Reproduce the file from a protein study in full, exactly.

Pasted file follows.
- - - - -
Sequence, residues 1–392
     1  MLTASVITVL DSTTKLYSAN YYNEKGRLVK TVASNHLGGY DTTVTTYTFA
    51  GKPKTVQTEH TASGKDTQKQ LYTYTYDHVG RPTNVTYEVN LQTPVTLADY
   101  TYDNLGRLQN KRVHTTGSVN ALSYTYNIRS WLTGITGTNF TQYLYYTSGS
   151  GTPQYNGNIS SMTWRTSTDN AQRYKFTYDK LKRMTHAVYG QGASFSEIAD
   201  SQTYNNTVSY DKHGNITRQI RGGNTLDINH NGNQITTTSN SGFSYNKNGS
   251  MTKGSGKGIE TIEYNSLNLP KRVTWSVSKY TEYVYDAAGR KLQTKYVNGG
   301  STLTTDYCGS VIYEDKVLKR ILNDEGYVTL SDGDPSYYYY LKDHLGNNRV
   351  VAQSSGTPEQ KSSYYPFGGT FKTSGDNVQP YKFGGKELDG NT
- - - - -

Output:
Sequence, residues 1–392
     1  MLTASVITVL DSTTKLYSAN YYNEKGRLVK TVASNHLGGY DTTVTTYTFA
    51  GKPKTVQTEH TASGKDTQKQ LYTYTYDHVG RPTNVTYEVN LQTPVTLADY
   101  TYDNLGRLQN KRVHTTGSVN ALSYTYNIRS WLTGITGTNF TQYLYYTSGS
   151  GTPQYNGNIS SMTWRTSTDN AQRYKFTYDK LKRMTHAVYG QGASFSEIAD
   201  SQTYNNTVSY DKHGNITRQI RGGNTLDINH NGNQITTTSN SGFSYNKNGS
   251  MTKGSGKGIE TIEYNSLNLP KRVTWSVSKY TEYVYDAAGR KLQTKYVNGG
   301  STLTTDYCGS VIYEDKVLKR ILNDEGYVTL SDGDPSYYYY LKDHLGNNRV
   351  VAQSSGTPEQ KSSYYPFGGT FKTSGDNVQP YKFGGKELDG NT